When the Toronto Blue Jays won the World Series in 1992, The Globe and Mail wanted to celebrate with a blue front page of the sports section. A call was made - to Iroquois Falls.
Overnight, No. 8 paper machine at the Abitibi mill turned out the blue newsprint.
They tell that story with pride today in the town. They talk about the time that Abitibi was the largest pulp and paper company in the world. Iroquois Falls - population 4,500 - was where it all began.
"They said it was the largest paper mill in the world. That was something to be proud of," says Ben Lefebvre, vice-president of the District Labour Council. In the '60s, he adds, "there were 1,000 people working at the mill, another 500 out in the bush."
Then the slide began for the paper business.
"You know when you see a piece of ice, and the sun shines on it and it melts away - that's the way the town was," says Gilda Shay, 85, who has lived in Iroquois Falls all her life.
A lot has changed recently. The pride is still there, but a few weeks ago Resolute Forest Products, the newest corporate incarnation of Abitibi, announced the town's mill would be shut down. The last paper rolled off the machines three days before Christmas.
- Audio, The Sunday Edition: Iroquois Falls at the edge
- Resolute shuts Iroquois Falls mill, affecting 180 workers
- Iroquois Falls paper mill closure an unwelcome Christmas gift
For the first time in 100 years there is no cloud of steam hanging over Iroquois Falls, no hum of the mill.
Now crews are in cleaning up.
"Basically you're digging your own grave," says Peter Jones, president of local 90 of UNIFOR in Iroquois Falls. "Last time we had layoffs we had an individual who hanged himself in the mill. I don't want to see that again."
The news has thrown the company town, a single-resource community that relies on the mill for employment and tax revenue, back on its heels. The women at the Legion Bingo, the town councillors, the millwrights and the paper makers are all forced to confront harsh economic realities, and in the middle of a northern Ontario winter they're scrambling to come up with ideas of re-invention.
But many are uncertain about the prospects for revamping the town's economy.
"We're the colony," says Charlie Angus, NDP Member of Parliament for the area. "We were set up as a resource-based colony for southern Ontario. There's always a sense in the south that, well, these communities were never sustainable anyway. The northern perspective is that our paper goes south, our wood goes south, our gold goes south, our young people go south."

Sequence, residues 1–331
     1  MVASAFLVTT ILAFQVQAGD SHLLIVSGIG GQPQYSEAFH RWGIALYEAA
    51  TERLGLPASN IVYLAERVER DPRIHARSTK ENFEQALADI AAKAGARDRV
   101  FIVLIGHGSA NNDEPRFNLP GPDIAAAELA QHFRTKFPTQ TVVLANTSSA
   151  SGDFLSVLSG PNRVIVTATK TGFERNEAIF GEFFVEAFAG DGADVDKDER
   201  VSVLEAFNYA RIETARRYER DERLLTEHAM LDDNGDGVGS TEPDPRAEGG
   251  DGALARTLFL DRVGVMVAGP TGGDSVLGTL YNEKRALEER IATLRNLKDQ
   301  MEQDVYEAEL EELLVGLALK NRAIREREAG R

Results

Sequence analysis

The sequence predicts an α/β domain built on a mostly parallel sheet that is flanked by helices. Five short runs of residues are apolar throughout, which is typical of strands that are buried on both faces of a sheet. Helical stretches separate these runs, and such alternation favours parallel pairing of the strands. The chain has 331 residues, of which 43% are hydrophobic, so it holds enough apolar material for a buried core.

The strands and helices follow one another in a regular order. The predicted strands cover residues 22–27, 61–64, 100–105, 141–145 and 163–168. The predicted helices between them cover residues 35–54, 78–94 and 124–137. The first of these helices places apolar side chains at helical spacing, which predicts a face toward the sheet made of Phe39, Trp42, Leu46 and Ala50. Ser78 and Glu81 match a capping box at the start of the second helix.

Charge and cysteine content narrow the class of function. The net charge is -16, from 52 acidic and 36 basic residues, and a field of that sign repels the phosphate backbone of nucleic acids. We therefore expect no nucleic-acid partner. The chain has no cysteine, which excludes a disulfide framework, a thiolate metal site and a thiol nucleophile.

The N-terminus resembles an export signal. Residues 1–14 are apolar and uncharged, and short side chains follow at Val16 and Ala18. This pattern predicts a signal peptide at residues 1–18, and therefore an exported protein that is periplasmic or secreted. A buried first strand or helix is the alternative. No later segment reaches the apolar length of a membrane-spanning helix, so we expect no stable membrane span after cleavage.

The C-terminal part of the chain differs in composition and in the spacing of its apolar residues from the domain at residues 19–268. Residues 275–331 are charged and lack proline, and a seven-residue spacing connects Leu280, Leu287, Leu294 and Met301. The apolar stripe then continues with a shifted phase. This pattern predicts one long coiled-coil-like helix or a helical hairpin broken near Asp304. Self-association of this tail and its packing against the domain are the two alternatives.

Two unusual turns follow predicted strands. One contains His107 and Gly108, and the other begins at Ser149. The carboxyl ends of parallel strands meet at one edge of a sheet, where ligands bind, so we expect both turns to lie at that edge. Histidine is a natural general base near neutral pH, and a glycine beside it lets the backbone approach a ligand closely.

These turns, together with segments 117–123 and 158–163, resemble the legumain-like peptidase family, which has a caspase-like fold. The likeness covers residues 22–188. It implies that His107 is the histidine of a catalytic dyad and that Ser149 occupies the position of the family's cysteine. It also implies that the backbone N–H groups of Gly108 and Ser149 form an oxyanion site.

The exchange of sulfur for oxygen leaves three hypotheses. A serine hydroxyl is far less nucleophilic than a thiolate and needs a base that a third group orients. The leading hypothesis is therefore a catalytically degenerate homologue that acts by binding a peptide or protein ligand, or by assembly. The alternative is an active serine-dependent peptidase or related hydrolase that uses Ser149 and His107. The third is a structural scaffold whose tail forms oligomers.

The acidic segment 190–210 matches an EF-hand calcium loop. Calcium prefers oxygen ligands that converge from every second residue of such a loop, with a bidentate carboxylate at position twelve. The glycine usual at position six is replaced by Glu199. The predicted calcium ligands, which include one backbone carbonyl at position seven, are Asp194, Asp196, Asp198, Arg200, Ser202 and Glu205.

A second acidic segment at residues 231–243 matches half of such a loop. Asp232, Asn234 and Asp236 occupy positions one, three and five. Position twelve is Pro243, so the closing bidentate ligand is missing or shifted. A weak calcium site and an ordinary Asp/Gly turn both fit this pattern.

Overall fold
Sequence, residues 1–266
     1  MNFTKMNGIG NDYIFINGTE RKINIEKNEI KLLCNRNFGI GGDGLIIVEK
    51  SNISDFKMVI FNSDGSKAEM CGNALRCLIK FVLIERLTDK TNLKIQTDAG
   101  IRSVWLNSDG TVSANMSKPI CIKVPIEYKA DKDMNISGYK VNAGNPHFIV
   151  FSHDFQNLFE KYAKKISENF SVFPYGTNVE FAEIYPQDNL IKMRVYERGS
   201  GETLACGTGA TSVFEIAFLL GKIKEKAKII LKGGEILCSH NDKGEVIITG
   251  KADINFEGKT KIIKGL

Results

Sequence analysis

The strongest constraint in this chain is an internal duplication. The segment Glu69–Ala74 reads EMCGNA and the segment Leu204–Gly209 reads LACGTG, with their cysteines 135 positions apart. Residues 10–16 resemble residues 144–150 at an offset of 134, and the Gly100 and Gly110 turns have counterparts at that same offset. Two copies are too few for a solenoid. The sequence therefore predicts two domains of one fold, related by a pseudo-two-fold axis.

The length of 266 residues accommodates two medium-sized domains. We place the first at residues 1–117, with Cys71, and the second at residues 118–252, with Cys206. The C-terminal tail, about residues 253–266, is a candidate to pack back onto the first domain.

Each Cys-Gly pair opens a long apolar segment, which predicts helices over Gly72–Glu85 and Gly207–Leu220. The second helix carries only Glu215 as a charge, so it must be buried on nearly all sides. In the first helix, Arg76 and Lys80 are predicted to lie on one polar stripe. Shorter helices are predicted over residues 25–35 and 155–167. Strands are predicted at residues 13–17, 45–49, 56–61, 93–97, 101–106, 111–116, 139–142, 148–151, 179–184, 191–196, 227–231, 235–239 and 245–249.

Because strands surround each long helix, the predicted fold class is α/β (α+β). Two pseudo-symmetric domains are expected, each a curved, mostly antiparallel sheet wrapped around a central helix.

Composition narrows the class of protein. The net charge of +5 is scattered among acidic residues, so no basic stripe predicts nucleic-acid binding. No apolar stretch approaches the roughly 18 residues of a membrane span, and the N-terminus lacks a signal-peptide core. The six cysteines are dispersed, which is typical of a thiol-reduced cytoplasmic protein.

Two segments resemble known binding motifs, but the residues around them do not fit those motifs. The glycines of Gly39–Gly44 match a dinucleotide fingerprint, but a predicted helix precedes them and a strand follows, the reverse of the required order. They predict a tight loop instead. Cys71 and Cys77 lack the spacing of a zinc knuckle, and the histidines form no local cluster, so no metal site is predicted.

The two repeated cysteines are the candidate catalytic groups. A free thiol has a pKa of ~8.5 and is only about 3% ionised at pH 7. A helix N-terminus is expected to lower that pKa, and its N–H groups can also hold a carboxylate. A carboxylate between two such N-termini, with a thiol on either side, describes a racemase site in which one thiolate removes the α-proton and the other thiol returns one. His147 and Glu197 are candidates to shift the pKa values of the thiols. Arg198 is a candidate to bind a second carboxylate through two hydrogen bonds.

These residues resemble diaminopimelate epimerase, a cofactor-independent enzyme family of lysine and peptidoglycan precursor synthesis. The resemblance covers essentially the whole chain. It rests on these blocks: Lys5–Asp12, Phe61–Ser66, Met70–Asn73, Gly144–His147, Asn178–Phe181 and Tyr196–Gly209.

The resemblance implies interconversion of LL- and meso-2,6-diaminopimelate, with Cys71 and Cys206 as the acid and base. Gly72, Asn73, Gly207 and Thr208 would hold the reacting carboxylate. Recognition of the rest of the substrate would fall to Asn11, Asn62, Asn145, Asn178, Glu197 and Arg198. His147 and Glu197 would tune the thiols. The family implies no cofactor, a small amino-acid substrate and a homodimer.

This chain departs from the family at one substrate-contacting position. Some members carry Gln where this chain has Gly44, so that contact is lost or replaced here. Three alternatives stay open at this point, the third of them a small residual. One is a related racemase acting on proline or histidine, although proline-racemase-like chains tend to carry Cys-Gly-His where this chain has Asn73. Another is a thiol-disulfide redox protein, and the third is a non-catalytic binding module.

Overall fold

Colin Kennedy, 31, town councillor and owner of the Abitibi Funeral Home, is both determined and worried.
"I've watched what happened in Northern Ontario over the last 10 years and I can't help but think of how Joey Smallwood in Newfoundland closed down the outports, centralized the population - 'if you don't want to do it willingly, we'll take you kicking and screaming,' Kennedy says. "The economic breakdown in Newfoundland was no different than what we are about to experience here. They were built on fishing. We were built on paper.
"We need to meet with this company and with the government on a weekly even daily basis to remind them that we are people, not numbers."
Dismantling the mill
In Iroquois Falls, the shock of the closure is still sinking in.
"People are pretty tough," Angus says. "They've been through shutdowns, seen a lot of heartache but certain busts are more traumatic than others."
As the mill machinery is dismantled, the mayor and town council are pressuring the company to at least keep the heat on in the building, to give people enough time to think about a way to re-purpose the plant.
Other pulp and paper towns in northern Ontario and in B.C. have been born again after their mills shut down. The facilities have been turned into wood textile plants, producers of Popsicle sticks, and one now makes wood fibre fill for adult diapers – a burgeoning industry.
But along with the talk of resilience and transformation is a real fear about the future – for Iroquois Falls and other northern towns.
Charlie Angus sees work camps where communities used to be, and in areas where resources are being newly exploited. The problem in Canada, he says, is that we're moving to a rip-and-ship philosophy.
"You get the resources, but you don't put anything back into communities. If people fly in and fly out, the sense of connectedness to the resource and the obligation … the social obligation, gets cut. It breaks apart families, 12 days in and 12 days out, 12 hour shifts. It's the Fort Mac-inization of Canada."
Gilda Shay takes the long view. "We have to fight for everything we get in Northern Ontario. And we do. I don't think, Iroquois Falls is going to collapse. Something is going to come out of this. We survived before, why not now?"
This week on The Sunday Edition
On CBC radio's The Sunday Edition starting at 9 a.m. Jan. 18:
- Muslim assimilation in Europe - a special report: In the wake of the vicious terrorist attacks in Paris, the question of the Muslim presence in France and indeed, in all of Europe, has been thrown into sharp relief. Of 500 million people in the European Union, there are 20 million Muslims. Many consider themselves fully European; others are disaffected, even alienated, from mainstream society. Cultural differences, discrimination and unemployment can create fertile ground for the recruitment of young jihadis. Guests from France, England, Germany and Switzerland join Michael to talk about a crucial test facing Europe.
- "Slob ice" and "tickle": A listener from Newfoundland tells us about the view out his window of "slob ice packed into the rock islands across the tickle". Michael talks to an expert in slob ice; fisherman and sealer Jack Troake in Twillingate, Newfoundland.